Instead, you give lots of feedback. Lots and lots of feedback as students are working, not once they are finished. They keep this material in a portfolio (I am asking them to maintain a blog).

Image via
The three P's are:

1. Participation (Are the students engaged? Do they ask questions? Do they participate in class? Do they turn in work on time?)

2. Progress (How much improvement do students make from August until December, or whenever you decide to grade them. Are they getting better at skills they are weak at?)

3. Performance (How well do they do the things they do?)

At grading periods, the students give themselves a grade. I give them a grade. We average them together and we are done. No grading. No crunching numbers. It is as simple as that.

I would highly encourage you to read more about the 3P grading system here.

I was going to wait until the fall to implement this new system, but I knew I needed to change. As I said, I couldn't go back to the old way of doing things.

On Wednesday, I discussed the new grading procedures with my classes and sent home this letter to parents. I am curious to see how they will respond, because it is a total shift from how grades have been given since the beginning of time.

I am going to be blogging about this experience for the next several months. I believe it will allow students to take control of their education, and allow me to be a much more effective teacher.  I am scared to death of how it will go, but at the same time it has reinvigorated me as an educator.

Saturday, January 1, 2011

5 tips for starting a Photo 365 Project

On December 31st, 2009, I made a New Year's resolution to complete a Photo 365 Project. One year later, I have successfully documented (*almost) every day in 2010 with a picture. Here is the finished product.

*I missed three days all year. One day I was so sick I did not have the strength to pick up a camera. I think I simply forgot the other two. I don't think that is too bad.

Several people have asked me about starting a Photo 365 Project, so here are some tips to get started:

1. Choose the best way to document your project

This was something I went back-and-forth with for awhile before I finally settled on a method. I first tried using a Word Press blog or Flickr, but neither one really gave me what I wanted.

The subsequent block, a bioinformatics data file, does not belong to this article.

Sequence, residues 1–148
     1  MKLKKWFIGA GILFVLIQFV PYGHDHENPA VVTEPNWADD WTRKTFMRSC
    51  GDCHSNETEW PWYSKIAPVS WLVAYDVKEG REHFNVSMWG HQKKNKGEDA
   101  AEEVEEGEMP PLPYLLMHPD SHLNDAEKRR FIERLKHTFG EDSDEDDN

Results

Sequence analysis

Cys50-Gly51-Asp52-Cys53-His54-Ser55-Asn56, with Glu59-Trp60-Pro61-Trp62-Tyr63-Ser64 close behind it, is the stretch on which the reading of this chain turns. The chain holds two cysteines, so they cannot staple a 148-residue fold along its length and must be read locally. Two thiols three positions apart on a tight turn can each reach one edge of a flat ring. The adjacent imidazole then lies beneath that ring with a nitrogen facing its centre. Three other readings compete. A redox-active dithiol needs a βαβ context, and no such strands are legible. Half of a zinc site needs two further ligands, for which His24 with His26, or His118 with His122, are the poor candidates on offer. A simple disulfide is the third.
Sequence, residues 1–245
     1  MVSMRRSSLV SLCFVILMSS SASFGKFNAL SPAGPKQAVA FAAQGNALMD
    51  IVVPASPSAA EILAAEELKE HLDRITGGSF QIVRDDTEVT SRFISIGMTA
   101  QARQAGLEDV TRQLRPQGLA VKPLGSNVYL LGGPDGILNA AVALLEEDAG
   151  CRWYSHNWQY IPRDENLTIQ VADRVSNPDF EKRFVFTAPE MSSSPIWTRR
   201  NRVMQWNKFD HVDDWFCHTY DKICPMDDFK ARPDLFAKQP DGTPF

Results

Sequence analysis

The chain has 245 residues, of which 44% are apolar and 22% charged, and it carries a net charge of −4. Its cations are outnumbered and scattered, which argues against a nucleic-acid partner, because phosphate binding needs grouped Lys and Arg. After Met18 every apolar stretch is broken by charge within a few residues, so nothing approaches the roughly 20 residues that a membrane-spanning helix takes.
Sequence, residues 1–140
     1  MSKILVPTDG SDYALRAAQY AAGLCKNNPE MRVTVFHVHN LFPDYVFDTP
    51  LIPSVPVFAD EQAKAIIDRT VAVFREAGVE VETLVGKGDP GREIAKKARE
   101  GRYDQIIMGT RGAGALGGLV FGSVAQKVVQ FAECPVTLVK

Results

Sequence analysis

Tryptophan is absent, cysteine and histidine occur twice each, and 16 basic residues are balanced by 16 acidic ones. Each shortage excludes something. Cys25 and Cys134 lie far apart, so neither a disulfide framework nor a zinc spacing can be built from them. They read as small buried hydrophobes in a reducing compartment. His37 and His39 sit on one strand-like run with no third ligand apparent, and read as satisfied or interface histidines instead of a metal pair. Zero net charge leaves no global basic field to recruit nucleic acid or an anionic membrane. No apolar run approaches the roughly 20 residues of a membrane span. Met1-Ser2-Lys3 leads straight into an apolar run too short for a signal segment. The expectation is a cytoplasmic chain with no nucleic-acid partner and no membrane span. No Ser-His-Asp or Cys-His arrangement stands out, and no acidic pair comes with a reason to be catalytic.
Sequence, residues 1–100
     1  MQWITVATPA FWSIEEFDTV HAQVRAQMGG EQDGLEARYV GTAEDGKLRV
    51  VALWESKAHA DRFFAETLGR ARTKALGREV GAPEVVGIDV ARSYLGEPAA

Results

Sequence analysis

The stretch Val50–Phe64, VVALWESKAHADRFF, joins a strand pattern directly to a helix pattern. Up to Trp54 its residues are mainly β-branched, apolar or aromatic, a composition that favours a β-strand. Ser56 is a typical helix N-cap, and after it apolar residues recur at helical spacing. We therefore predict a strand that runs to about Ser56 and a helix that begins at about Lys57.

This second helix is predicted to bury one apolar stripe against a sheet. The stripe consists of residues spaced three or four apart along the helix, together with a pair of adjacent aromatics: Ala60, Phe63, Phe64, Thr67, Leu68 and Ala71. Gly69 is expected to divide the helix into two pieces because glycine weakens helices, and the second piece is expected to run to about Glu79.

Then I discovered, and it was perfect. The website allows you to upload several pictures at once, and even e-mail them in to the website from your phone.

You also can add a title and a caption to each photograph, making your project much like an online journal. You can see the entire month at once, or scroll through day-by-day. This made it very easy to see what days I needed to upload pictures for. I would highly recommend that website.

2. Have a camera with you at all times.

You don't need to go out and buy an expensive digital camera. I used a Sony DSC-W290 Camera to take most of the pictures, but I also used my Blackberry Storm smart phone (not the best quality, especially in low light).

The key is to have a camera with you at all times. I always left the camera sitting on the kitchen table, or somewhere visible as a reminder to take a picture each day. You never know when something will happen that will make a great picture.

3. Pick a theme or subject

My son was born on January 11th, 2010, so this gave me a great subject to photograph the entire year. It is really cool to be able to go back and look at how much he grew day-to-day. If you pick a theme or subject, that will give you inspiration each day when you are struggling to find something to take a picture of.

January 15, 2010

December 29, 2010

Here is a similar project, where a father took a picture of his daughter every day for 10 years!

4. Make each picture memorable

This is something that I did a poor job of this year. Looking back at my pictures, I can only remember taking probably half of them. Many were not memorable moments. I wish I had included more of a caption to explain what was going on in each picture, but many were just of my son being cute!
Say "Cheese!"
5. Know the rule of thirds

If you don't know the rule of thirds, here is a quick explanation. Imagine your picture is divided into thirds both horizontally and vertically. Where those lines intersect is where you should place your subject. It subconsciously makes your picture much more visually appealing.

My final piece of advice: Keep with it! There will be days where you don't feel like taking a picture, or you are lacking inspiration. Don't give up on it. If you make an effort to do it every day for several weeks, it will become a habit. Take a picture each day, but don't feel like you have to update your website each day.  

If you have any other questions, feel free to post them in the comment section below. Have fun!